Dee Ann Turner of Chick-fil-A Talks About The Evolution of HR

In this Corner Office article, Cyndy Trivella, Events Manager with TalentCulture, spoke with Dee Ann Turner, VP Corporate Talent with the iconic brand, Chick-fil-A. In addition, Dee Ann is the author of the acclaimed book It’s My Pleasure: The Impact of Extraordinary Talent and a Compelling Culture. They talked about the evolution of HR and the impact on how employment and culture, technology, employer branding, and the challenges associated with talent acquisition have all been affected. In keeping with our theme, this article will highlight the perspective and experience of someone who has made the move to the “corner office.”

Cyndy: I had the immense pleasure of speaking with one of the smartest people working in the field of human resources. Dee Ann Turner knows HR inside and out. She worked her way up the corporate ladder and learned great lessons along the way, which she has been able to incorporate into her current role as VP of Corporate Talent.

Cyndy: Dee Ann, you are certainly a role model for any person aspiring to become an HR professional. You’ve seen so much in your 30 years and with that the evolution of the HR function. When you compare hiring today versus 30 years ago, how has culture and productivity been affected by the practice of hiring people as contingent workers more so than ever before in our history?

Dee Ann: This shift to more of a “free agency” staffing model has been developing for over a decade. This has had both positive and negative effects on culture and productivity in the workplace. Culturally speaking, the use of contingent workers can help create an opportunity for the workforce to expand and contract based on work demands without impacting the job security of full-time employees. That scenario can be a positive for morale and the culture. However, the culture can be negatively impacted when a large percentage of work is performed by contingent workers unsure of their future. This can be particularly stressful to both full-time and contingent workers if they do similar work but hold a different employment status. Both parties become concerned about the perceived inequity. In the midst of the distractions inherent in these situations, productivity can suffer.

Communication of expectations is the key for both the contingent worker and full-time employee. The communication needs to address expectations of, not only, the contingent workforce, but of the full-time staff as well to dispel the concerns of inequity. Be sure that the contingent worker has some trade-offs for their flexible contract. An organization employing contingent workers should only expect full commitment to the work contracted, not necessarily the kind of commitment to the organization that a full-time employee exhibits. People are generally only as loyal to you as you are to them. A predominate sense of loyalty strengthens the culture.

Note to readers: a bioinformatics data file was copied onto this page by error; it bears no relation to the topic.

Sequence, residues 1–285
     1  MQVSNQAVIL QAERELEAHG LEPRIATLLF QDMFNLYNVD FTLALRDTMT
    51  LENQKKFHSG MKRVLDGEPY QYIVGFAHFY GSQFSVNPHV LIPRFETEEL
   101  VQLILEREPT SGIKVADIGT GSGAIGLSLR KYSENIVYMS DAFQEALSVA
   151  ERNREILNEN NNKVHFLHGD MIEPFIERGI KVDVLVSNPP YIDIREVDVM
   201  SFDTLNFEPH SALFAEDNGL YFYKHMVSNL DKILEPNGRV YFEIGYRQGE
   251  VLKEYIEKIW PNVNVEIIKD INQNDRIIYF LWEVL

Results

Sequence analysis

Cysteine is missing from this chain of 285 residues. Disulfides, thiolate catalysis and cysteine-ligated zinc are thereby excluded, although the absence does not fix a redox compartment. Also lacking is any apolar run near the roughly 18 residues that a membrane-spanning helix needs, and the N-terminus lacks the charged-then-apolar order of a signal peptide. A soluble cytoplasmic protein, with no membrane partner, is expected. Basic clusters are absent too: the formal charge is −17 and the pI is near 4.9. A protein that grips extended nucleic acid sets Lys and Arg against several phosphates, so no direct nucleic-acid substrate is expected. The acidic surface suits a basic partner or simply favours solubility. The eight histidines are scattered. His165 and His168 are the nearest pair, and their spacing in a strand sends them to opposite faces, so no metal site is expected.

Cyndy: Excellent points. There are definitely pros and cons to contingent hiring and it’s important that the company dispel rumors and perceptions. Again, drawing on your years of experience, what evolutions and advancements in technology and philosophy have been game-changers for HR in the past 10 years?

Dee Ann: Without a doubt the biggest technology game changers are the advancements in self-service benefits and data management, web enabled interviewing, the impact of social media on recruiting and branding, and robust applicant tracking systems.

Philosophical game changers include the rise of the millennial generation, which has impacted the company culture significantly from work hours to workplace design to dress codes and more, increased litigation and regulatory requirements, and adequate succession planning with the exit of baby boomers, and a less populous Gen X.

Cyndy: I agree. Technology is a real game changer for HR. I believe it reduces the administrative burden of the duties and allows HR to be the contributing department that it is. I’ve one last question. Let’s talk about one of my favorite topics… employer branding. What do you believe are the best practices for building an employer brand?

Dee Ann: The first step is to assess and understand the current employment experience. What’s good? What is not so good? What do employees tell others? How do employees advocate for the company? Where do employees find fault with the company?

Secondly, decide who you want to be as an employer. What is your key competitive advantage over other companies? What attributes do you want to define the employee experience at your company? How does the employment experience tie to the company brand, mission and overall organizational business strategy?

Thirdly, communicate who you are. Innovatively communicate in diverse ways who you are as a brand, organization and employer. Develop a message that even in just a few words communicates the opportunities you offer and what your employee value promise is.

Lastly, assess again what you have created. Measure the impact of the employment brand on attracting and retaining exceptional talent.

Cyndy: A very sound strategy, Dee Ann. More companies need to understand what’s working and not within the organization and find effective ways to eliminate inefficiencies or capitalize on the findings. Thanks for spending time with me and for sharing your perspective with us. Congratulations on the success of your book… well deserved!

Dee Ann: Thank you. It’s been an enjoyable conversation.

Be sure to catch the next interview with Brian Carter, author of The Cowbell Principle, at The TalentCulture Corner Office.

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